In a direct challenge to the Ehrlich administration, a conservation group announced last night that it will file suit to block state funding for widening a congested two-lane road in western Howard County, arguing that the project would lead to a loss of farms and open space on the Baltimore area's fringes, and undermine Maryland's nationally recognized Smart Growth policies.
Leaders of the group, 1000 Friends of Maryland, said they will file a notice of intent to sue -- to ask a Circuit Court judge in the next few days to overturn a Board of Public Works decision in July to exempt the Route 32 widening project from the state's strict Smart Growth law, which limits state funding for roads, sewer lines and other public facilities to existing communities.
State Transportation Secretary Robert L. Flanagan has defended the $200 million widening project as essential to reducing congestion and improving safety on what his department figures is the most heavily traveled stretch of two-lane road in the state.
Flanagan has argued that making it a four-lane road will serve the development that has taken place or has been approved.
But opponents counter that the project could spur construction of an additional 45,000 homes in Carroll, Frederick and Howard counties.
"By expanding it, you're rewarding poorly planned development," Schmidt-Perkins said. "We know that doesn't work. Somewhere this has to stop."
She said the exemption, granted by a 2-1 vote of the Board of Public Works, was "decided in an illegal manner" and that the state failed to consider alternatives to widening the road that might not encourage more new housing in far western suburbs.
The proposed widening "has the potential to substantially allow for a big chunk of new growth in an area of classic sprawl that the Smart Growth Act was designed to prevent," said William Eichbaum, president of the group's board of directors.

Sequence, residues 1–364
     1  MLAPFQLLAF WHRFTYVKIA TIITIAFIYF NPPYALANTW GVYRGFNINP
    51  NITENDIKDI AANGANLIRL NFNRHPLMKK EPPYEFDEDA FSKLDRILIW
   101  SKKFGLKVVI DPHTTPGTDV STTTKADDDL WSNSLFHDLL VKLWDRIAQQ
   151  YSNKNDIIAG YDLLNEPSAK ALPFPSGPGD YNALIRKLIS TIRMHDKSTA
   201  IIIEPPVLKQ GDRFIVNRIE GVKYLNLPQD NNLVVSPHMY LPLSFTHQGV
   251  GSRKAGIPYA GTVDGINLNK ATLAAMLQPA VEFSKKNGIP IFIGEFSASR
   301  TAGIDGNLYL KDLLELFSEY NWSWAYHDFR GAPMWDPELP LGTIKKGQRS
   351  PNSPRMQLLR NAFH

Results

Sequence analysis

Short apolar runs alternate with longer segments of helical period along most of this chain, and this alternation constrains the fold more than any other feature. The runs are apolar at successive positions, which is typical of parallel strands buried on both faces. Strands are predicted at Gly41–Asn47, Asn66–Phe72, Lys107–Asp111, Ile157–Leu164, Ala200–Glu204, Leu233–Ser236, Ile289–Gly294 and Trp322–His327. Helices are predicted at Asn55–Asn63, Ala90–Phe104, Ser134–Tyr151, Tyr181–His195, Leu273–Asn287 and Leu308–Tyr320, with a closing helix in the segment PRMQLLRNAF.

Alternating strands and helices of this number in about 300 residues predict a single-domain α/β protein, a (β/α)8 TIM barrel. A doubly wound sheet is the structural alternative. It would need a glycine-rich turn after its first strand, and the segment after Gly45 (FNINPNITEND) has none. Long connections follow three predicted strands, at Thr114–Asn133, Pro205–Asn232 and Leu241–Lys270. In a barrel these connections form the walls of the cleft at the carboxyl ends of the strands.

Representatives of the governor did not respond to requests for comment last night.
The congested nine-mile roadway has been a lightning rod for debate for nearly a decade, dividing politicians and homeowners. Much of the route -- the section from Clarksville in western Howard to Interstate 97 in Gambrills -- already has been widened to accommodate increased traffic. State highway engineers have been studying since 1995 how to ease congestion and accidents on this two-lane stretch -- the most heavily traveled in the state, according to state traffic counts.
Though the road does not have the highest accident rate in the state, it has had several high-profile accidents. A woman died and two other motorists were injured Saturday in a two-car collision on the road.
But plans to widen the road ran afoul of the state's Smart Growth law, enacted in 1997 at the urging of then-Gov. Parris N. Glendening. Since then, the state highway agency focused on making improvements to the road to speed traffic and reduce crashes, adding center-line rumble strips and turn lanes, among other things.
Those improvements succeeded in reducing serious and fatal accidents on the road, but state highway officials argue that accidents and congestion are likely to increase, because traffic is projected to grow by roughly 40 percent over the next 20 years, even if nothing is done.
Widening the highway would result in more than doubling the traffic on the road, the State Highway Administration projects.
The SHA sought an exemption to the Smart Growth Act, arguing that the widening qualified under a narrow provision for "extraordinary circumstances." With Gov. Robert L. Ehrlich Jr. supporting the agency, the Board of Public Works approved the exemption. A representative of Comptroller William Donald Schaefer also favored the waiver, while Treasurer Nancy K. Kopp opposed it.
The Route 32 widening is the second major exemption granted to the Smart Growth law. The first was in 1999, for a proposed bypass around Manchester in Carroll County. The road has yet to be built because of a shortage of state highway funds, and the widening of Route 32 to four lanes is unlikely to proceed for years for the same reason.
Schmidt-Perkins said that her group is going to court in part to prevent further efforts to bypass the Smart Growth Act. She said that state highway officials had told the Board of Public Works this summer that they planned to seek exemptions to the funding restrictions for other road projects.
"By their action, they've gutted the whole purpose of the Smart Growth Act," she said, "and stated that they're going to do it again and again."